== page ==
97-98 points, James Suckling.
"The 2017 Cos d’Estournel is matured in 60% new oak and comprises 13% alcohol, approximately the same as the 2016. It has a more expressive and welcoming bouquet than usual, maybe more indicative of how this wine will mature in bottle, less opaque than the 2016. A common theme throughout the range from Cos d’Estournel is a Pauillac-inspired backbone/tannic structure coupled with an attractive scent wafting over from the estuary...think mudflats, oyster shells and the tang of sea spray. It gains a little intensity with aeration but never fully lets go. The palate is very well balanced with filigree tannin, rendering this one of the most approachable barrel samples from the estate in recent years. The coolness of the latter part of the season defines this Saint-Estèphe more than the precocity of June: streamlined, cool and linear with a velvety finish that feels sleek, to the point of being understated, though that belies its length and focus. This is simply a very classy wine in the making and typical of the more recent sophisticated style pursued by the property in recent years."
94-96 points, Neal Martin
"The 2017 Cos d'Estournel is a sleek, polished wine built on finesse more than power. Sweet, perfumed aromatics and silky tannins add to that impression. In 2017 the Grand Vin shows a distinctly red-fruit and floral character that matches its mid-weight personality nicely. The blend is 66% Cabernet Sauvignon, 32% Merlot, 1% Petit Verdot and 1% Cabernet Franc. New oak is around 60%."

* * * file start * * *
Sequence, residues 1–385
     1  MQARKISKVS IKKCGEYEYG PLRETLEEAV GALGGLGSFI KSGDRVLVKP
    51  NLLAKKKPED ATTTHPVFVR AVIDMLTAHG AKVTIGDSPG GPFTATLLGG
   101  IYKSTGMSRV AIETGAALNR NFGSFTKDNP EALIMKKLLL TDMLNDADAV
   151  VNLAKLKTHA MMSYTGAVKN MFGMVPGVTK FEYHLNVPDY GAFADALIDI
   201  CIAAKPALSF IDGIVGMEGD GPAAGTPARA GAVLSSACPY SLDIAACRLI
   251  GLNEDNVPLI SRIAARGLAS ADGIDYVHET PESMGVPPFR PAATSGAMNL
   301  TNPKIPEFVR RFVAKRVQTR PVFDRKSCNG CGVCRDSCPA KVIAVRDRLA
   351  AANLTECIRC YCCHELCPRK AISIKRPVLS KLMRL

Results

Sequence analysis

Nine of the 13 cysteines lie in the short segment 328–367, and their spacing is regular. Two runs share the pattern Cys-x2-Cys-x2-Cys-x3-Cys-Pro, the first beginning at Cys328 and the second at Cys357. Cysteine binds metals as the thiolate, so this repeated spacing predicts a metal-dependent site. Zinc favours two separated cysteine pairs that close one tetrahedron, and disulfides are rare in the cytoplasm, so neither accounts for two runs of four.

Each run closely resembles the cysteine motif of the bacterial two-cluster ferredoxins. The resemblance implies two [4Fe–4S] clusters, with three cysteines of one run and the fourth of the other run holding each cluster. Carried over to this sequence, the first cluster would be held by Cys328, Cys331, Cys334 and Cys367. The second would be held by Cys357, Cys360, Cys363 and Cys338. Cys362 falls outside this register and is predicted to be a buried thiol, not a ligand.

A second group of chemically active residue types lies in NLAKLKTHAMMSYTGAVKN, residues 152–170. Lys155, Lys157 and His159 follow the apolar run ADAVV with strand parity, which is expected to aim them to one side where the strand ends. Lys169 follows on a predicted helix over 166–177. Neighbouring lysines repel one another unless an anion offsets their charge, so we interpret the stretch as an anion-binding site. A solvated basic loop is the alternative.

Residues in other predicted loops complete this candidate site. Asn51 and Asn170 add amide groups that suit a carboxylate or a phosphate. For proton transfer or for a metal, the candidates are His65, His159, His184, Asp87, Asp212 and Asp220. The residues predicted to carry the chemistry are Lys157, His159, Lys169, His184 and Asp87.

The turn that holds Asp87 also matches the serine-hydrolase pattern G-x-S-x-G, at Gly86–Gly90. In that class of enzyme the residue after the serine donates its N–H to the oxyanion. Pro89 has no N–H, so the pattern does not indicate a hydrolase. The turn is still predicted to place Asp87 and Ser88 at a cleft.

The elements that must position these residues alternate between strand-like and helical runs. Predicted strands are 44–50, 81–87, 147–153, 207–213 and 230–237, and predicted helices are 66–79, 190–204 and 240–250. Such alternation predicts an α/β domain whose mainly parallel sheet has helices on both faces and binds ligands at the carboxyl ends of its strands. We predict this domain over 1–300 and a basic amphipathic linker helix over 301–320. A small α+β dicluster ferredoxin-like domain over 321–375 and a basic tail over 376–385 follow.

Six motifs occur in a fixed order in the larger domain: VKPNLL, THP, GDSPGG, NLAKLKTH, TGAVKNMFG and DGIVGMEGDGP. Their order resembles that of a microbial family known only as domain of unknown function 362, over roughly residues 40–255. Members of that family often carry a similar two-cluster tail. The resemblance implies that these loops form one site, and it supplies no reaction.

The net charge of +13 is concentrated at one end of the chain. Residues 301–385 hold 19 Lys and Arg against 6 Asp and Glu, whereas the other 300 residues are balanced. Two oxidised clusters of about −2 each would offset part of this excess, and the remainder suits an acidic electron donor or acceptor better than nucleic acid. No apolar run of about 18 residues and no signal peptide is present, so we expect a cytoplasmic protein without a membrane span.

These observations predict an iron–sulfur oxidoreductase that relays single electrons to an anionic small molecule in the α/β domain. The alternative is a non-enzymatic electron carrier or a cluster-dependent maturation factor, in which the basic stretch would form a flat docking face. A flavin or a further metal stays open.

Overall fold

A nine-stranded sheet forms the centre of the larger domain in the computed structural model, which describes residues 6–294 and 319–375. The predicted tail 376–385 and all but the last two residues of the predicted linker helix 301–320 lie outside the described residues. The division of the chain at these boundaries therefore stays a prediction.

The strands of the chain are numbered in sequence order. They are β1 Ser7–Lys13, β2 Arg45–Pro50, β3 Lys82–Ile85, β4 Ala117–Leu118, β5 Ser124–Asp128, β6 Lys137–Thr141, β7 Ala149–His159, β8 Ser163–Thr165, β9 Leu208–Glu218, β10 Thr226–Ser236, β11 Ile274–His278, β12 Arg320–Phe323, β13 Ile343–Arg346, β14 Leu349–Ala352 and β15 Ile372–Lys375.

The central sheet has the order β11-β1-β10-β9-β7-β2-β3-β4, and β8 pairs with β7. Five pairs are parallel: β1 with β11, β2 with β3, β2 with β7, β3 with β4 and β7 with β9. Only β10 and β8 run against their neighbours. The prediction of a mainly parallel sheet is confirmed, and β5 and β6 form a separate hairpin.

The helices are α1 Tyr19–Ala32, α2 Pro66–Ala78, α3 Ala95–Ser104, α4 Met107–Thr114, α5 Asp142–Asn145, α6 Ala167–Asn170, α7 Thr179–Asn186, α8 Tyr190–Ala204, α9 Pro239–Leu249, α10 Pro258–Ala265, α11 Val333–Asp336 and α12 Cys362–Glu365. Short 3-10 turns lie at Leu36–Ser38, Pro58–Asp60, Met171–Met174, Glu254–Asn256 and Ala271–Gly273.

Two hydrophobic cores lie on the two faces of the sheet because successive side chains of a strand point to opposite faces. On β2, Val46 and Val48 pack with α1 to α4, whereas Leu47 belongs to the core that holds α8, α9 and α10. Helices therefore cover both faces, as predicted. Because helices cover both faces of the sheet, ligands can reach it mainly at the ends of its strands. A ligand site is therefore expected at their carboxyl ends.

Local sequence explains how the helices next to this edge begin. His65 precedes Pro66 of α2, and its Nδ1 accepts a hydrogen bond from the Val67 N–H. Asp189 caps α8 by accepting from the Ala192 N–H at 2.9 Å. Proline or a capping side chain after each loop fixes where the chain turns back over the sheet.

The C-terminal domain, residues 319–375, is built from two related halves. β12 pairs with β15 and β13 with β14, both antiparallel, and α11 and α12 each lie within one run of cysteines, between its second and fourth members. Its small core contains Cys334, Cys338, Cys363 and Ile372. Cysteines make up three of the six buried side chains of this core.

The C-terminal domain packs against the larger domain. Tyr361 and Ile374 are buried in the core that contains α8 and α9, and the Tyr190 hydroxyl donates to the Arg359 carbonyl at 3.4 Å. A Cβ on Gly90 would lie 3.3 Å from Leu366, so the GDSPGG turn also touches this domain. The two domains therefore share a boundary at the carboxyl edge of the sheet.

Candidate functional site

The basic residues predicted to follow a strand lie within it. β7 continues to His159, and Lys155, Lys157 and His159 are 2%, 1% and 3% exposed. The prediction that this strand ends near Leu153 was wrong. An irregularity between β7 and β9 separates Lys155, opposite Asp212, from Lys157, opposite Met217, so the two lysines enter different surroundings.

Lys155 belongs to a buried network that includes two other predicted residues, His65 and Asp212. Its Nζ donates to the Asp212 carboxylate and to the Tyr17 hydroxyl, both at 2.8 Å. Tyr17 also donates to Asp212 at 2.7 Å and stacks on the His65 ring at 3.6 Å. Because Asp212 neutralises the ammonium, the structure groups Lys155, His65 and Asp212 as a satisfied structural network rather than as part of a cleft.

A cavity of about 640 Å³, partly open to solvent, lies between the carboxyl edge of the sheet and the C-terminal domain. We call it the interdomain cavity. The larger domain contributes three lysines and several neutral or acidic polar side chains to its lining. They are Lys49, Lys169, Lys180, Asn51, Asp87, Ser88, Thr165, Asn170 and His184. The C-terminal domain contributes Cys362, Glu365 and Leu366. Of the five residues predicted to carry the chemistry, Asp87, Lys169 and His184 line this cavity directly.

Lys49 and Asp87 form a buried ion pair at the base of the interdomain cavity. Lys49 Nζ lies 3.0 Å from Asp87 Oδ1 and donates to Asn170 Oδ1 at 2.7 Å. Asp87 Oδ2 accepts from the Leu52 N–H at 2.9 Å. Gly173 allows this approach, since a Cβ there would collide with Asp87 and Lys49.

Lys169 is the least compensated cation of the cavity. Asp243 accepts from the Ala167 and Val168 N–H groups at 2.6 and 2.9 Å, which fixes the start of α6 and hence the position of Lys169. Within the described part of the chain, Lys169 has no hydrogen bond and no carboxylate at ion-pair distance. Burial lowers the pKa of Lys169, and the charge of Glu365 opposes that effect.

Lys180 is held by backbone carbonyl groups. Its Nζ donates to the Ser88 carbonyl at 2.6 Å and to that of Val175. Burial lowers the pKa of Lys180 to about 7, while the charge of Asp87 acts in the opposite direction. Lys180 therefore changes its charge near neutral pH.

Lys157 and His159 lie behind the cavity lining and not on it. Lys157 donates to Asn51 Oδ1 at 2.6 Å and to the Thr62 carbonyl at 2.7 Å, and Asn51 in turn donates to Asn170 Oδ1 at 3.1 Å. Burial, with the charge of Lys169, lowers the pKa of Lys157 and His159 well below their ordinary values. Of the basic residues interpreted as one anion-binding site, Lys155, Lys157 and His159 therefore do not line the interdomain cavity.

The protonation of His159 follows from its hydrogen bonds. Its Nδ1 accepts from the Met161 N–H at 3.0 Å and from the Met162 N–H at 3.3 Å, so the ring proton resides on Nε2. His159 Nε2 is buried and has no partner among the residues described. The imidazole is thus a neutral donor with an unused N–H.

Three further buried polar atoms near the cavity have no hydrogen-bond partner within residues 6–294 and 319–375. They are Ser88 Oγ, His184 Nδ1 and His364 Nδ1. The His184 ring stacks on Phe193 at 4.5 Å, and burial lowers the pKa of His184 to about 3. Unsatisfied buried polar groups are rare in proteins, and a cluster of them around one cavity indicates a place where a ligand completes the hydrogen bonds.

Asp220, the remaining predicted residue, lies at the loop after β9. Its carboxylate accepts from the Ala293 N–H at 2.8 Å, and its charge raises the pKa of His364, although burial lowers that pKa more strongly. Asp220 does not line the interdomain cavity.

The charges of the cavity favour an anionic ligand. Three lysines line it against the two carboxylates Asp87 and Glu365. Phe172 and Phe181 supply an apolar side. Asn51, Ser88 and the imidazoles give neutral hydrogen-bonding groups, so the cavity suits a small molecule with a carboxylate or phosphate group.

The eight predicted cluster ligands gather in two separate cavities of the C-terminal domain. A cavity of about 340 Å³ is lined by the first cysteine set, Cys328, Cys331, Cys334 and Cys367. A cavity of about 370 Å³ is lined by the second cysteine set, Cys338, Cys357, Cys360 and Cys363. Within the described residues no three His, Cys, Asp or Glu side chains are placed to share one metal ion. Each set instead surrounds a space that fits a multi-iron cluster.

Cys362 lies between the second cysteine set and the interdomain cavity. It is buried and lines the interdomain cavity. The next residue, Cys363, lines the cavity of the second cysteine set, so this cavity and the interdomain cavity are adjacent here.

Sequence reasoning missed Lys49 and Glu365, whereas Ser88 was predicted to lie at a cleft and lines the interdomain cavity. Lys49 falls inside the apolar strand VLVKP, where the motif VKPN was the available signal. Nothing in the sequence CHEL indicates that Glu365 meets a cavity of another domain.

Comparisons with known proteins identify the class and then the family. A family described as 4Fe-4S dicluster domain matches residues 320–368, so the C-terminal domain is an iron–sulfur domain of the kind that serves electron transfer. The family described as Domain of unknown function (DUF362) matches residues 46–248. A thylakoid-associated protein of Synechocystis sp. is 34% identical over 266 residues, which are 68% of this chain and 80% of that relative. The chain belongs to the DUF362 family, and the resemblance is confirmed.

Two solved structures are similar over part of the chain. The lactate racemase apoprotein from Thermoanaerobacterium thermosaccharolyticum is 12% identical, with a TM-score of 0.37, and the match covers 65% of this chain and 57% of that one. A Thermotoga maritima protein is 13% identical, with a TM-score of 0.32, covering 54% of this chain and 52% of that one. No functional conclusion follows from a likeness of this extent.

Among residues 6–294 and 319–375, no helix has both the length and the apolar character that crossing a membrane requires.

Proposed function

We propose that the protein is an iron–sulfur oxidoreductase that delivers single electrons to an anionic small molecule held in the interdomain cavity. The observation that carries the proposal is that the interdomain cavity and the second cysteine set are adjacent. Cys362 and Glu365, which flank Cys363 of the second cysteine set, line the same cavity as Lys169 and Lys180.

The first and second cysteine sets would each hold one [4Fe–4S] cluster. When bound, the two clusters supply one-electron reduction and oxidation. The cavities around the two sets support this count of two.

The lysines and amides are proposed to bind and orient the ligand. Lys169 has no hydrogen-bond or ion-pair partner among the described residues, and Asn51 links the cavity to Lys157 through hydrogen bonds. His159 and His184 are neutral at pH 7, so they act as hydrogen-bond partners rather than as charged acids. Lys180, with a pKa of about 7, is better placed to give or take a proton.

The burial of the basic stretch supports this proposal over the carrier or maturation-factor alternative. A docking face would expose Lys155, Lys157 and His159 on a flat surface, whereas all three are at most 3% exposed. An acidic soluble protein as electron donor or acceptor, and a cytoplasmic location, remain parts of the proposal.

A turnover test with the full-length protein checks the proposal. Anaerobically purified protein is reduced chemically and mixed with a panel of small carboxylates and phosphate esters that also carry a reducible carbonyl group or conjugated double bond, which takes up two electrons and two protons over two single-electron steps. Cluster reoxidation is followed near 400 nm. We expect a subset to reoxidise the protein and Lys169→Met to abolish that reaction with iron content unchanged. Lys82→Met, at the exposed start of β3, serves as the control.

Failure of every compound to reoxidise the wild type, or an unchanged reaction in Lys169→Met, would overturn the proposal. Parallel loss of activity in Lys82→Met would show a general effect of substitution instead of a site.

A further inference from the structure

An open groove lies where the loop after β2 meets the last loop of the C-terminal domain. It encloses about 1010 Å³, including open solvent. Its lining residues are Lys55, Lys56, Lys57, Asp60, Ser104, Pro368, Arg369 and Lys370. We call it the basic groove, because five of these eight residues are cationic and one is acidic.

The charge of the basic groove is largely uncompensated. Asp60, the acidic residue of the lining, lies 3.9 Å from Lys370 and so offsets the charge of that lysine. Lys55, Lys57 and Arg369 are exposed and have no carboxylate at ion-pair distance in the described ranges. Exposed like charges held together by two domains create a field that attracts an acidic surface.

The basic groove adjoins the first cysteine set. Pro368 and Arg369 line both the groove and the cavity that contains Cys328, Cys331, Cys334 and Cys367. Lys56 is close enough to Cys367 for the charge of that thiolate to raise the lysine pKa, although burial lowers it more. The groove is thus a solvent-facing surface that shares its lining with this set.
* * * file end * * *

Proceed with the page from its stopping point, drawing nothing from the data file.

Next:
92-95 points, Antonio Galloni
"66% Cabernet Sauvignon, 32% Merlot (their vines aged 80–100 did very well this year), 1% Petit Verdot, 1% Petit Verdot. Harvested 12–30 September. 60% new oak. pH 3.7, IPT 68. 40% of the harvest made it into the grand vin this year (it can be up to 60%), hence a very good Pagodes this vintage).
Inky with black core and purple rim. Dark-fruited and lightly charry to give a savoury/fruit complexity. Extremely pure cassis. A little more chewy than the Pagodes but still remarkably silky, with clarity, precision and length but without excess richness. Deep and long. Amazing balance already. Great precision, helped by a decade of experience in the new chai, says technical director Dominique Arangoits. Opens in the glass to reveal a hint of something floral. Plenty of depth but no excess weight, and modest alcohol. 13% Drink 2025-2040"
17.5+ Julia Harding MW for jancisrobinson.com
Saint -Estèphe, with 1,377 hectares under vine is the largest of the major Bordeaux appellations in the Medoc. Located in the most northern part of the Left Bank, on average, 585,000 cases of wine are produced each year. The soils see a rich mixture of rocks, clay, limestone and gravel that rests on the surface and of course below, deep in the terroir. Beneath the surface lies a complex blend of different soils, sub soils and terroir. Over the past several decades, the general trend in the Saint -Estèphe vineyards has been to add more Merlot, which has added a lot of softness to the tannins and the wines. Merlot works well in the appellation due to the large amount of clay found in the soils. in the appellation due to the large amount of clay found in the soils.